As I walked back upstairs, I was reminded of the need to resist surface level parenting, making assumptions about behavior without taking the time to reach the heart. And thanking God for His gentle guiding Spirit and the knowledge that I’ll never have to parent alone.

My daughter’s in college now; an adult. But even so, may God help me to continue to seek out and parent to her heart.



About Intertwined

Abandoned by her husband for another woman, Tammy Kuhn, an organ procurement coordinator often finds herself in tense and bitter moments. After an altercation with a doctor, she is fighting to keep her job and her sanity when one late night she encounters her old flame Nick. She walks right into his moment of facing an unthinkable tragedy. Because they both have learned to find eternal purposes in every event and encounter, it doesn’t take long to discover that their lives are intertwined but the ICU is no place for romance….or is it? Could this be where life begins again?

Intertwined, part of New Hope Publisher’s contemporary fiction line, is a great reminder of how God can turn our greatest tragedies and failures into beautiful acts of love and grace. Readers will fall in love with the realistic characters and enjoy the combination of depth, heart-felt emotion and humor that makes Jennifer’s novels so appealing. Readers will be inspired to find God in every moment and encounter in their own lives!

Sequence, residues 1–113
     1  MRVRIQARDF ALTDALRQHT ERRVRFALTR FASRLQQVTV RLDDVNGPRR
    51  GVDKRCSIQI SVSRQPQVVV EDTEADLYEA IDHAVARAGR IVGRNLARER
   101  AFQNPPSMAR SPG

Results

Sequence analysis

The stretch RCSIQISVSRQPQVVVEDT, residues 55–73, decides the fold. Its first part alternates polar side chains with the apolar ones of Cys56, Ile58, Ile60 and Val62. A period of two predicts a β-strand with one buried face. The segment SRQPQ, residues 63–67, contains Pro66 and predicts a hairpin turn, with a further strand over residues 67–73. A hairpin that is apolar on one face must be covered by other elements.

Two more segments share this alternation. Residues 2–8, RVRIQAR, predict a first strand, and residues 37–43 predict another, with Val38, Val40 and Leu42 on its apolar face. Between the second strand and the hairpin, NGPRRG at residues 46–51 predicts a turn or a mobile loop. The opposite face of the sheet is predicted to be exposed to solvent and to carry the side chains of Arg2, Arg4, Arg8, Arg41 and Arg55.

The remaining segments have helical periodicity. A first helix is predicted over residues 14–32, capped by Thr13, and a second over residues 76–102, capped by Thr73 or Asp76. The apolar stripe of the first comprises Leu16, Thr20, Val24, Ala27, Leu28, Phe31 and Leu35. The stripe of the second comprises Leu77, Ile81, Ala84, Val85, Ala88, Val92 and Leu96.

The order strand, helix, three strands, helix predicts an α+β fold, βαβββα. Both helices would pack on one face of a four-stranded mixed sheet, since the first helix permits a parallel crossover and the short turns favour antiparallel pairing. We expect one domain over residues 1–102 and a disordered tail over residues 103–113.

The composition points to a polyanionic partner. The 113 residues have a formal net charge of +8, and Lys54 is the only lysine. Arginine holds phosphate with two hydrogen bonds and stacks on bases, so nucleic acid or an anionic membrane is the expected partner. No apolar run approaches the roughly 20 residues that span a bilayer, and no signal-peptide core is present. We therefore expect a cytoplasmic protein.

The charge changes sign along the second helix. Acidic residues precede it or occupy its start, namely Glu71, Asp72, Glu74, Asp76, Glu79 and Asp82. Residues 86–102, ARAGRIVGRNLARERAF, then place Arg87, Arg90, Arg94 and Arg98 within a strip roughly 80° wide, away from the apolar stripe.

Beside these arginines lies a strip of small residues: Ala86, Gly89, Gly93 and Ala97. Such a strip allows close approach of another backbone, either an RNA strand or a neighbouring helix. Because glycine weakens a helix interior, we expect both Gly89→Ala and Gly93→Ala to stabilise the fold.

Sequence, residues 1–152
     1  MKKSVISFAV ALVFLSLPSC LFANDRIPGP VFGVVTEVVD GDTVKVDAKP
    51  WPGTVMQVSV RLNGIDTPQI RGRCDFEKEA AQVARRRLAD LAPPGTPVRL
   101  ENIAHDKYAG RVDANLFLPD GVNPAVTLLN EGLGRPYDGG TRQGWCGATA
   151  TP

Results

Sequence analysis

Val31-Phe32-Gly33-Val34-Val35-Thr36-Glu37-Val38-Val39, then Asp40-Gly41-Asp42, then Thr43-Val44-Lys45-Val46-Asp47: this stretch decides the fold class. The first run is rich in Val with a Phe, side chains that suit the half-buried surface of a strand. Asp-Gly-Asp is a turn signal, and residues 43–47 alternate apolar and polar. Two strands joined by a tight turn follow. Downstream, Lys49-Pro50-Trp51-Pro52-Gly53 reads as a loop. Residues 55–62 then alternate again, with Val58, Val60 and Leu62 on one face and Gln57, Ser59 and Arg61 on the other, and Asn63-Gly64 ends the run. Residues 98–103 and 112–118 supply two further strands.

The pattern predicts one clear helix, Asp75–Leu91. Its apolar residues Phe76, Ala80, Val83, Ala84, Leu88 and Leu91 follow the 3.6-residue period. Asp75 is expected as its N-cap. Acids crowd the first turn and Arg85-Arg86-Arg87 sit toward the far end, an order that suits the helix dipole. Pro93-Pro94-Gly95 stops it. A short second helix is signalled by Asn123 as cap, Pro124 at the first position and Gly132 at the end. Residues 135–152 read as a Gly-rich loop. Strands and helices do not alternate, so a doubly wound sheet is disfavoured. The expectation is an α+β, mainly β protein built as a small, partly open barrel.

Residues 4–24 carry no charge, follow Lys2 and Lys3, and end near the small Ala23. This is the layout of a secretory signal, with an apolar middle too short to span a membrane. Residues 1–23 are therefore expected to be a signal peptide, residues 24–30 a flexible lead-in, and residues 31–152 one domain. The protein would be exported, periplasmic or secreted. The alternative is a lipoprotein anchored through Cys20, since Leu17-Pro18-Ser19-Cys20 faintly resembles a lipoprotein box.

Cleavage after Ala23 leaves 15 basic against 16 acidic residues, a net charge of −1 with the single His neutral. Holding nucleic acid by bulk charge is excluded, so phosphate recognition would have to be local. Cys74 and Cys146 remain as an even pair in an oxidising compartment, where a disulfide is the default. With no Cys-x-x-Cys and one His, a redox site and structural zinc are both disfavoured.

Buy it:
CBD
Amazon
Barnes and Noble

Bio:

Jennifer Slattery writes soul-stirring fiction for New Hope Publishers, a publishing house passionate about bringing God’s healing grace and truth to the hopeless. She also writes for Crosswalk.com, Internet Café Devotions, and the group blog, Faith-filled Friends. When not writing, Jennifer loves going on mall dates with her adult daughter and coffee dates with her hilariously fun husband.
Visit with Jennifer online at JenniferSlatteryLivesOutLoud.com and connect with her on Facebook at http://www.facebook.com/JenSlatte

5 comments:

Linda Weaver Clarke said...

This book sounds wonderful and the plot intriguing. May you touch many people with this story.

Miss Mae said...

Love your book cover! :) I, too, understand about raising teenage daughters and how sometimes we just can't read them. Maybe they think they can't read us sometimes too? LOL

Best of success in all your endeavors. :)

jenniferslatterylivesoutloud.com said...

Hi, Linda,

Sorry I'm just now stopping in here! Thanks for the kind words regarding the plot and my novel. :) Happy day after Thanksgiving!

jenniferslatterylivesoutloud.com said...

Hi, Miss Mae,

What a great point/question/thought! I imagine you're right about them having as tough of time reading us as we do them. A great reason for open and continual communication whenever possible. :) Happy post-Thanksgiving!